The zero-coupon bond and Girls Inc. of Omaha
In this annual letter to shareholders, Warren Buffett explained a bet between him and his counterpart, Protege Partners, to fund a charity, Girls Inc. of Omaha. In 2007, both of them invested in half a million worth zero-coupon bonds (SHY) that would mature in ten years and would increase to $1 million.
A zero-coupon bond does not bear any interest, but it is sold at a discount to compensate for interest. Buffett purchased these bonds at 0.64 to the $1. In simple terms, a $0.64 investment would yield a payment of $1 in ten years, with an expected annual return of 4.56%.
Wager midway to offset a dumb investment
By the end of 2012, approximately midway through the ten-year period, the yields on these bonds (AGG) had dropped to 95.7% of their face value, having earned only 0.88 percent per year.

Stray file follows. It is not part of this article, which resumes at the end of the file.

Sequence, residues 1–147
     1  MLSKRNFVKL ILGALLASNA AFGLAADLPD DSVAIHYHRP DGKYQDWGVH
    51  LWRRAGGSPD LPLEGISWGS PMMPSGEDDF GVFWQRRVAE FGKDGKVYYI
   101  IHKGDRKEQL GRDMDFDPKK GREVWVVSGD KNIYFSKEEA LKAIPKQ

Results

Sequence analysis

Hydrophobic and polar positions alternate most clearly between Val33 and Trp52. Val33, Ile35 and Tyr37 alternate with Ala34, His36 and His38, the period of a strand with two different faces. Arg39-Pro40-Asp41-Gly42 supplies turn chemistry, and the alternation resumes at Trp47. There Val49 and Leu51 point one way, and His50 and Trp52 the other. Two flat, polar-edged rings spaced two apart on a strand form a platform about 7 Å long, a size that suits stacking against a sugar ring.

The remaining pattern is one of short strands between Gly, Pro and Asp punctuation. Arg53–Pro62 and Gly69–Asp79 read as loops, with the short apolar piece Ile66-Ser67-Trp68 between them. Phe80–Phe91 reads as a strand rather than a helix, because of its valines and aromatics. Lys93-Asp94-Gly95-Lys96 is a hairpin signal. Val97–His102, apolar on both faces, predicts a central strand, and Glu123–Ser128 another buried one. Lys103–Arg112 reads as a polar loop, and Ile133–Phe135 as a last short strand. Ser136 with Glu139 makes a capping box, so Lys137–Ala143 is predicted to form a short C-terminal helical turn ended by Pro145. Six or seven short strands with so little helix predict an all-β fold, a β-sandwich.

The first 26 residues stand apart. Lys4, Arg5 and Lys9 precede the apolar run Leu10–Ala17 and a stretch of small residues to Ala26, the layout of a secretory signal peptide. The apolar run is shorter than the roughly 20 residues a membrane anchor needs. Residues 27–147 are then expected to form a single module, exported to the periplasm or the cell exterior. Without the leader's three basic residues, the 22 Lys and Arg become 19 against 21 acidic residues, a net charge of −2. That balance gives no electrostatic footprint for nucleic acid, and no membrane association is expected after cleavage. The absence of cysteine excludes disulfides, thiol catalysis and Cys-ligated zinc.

Buffett said that such a low return has made his investment dumb, as the S&P 500 Index (SPY) had returned close to 2% per year over the same period. At that point, he made the decision to sell the bonds and invest the proceeds in Berkshire “B” shares, which turned into $2.2 million in the next five years.
The wager was that Buffett would match any loss on the investment if the value dropped below $1 million. The charity picked by Warren Buffett, Girls Inc. of Omaha, received $2.2 million by the end of the ten-year tenure.
Stocks better than bonds
Warren Buffett used the above example to explain that over a ten-year horizon, investments in a zero-coupon—or in any other US Treasury (GOVT)—would have been riskier than investing in stock markets (VOO).
In the next part of this series, we’ll analyze Buffett’s view that it’s actually a “terrible mistake” for long-term investors to measure risk by the ratio of a portfolio.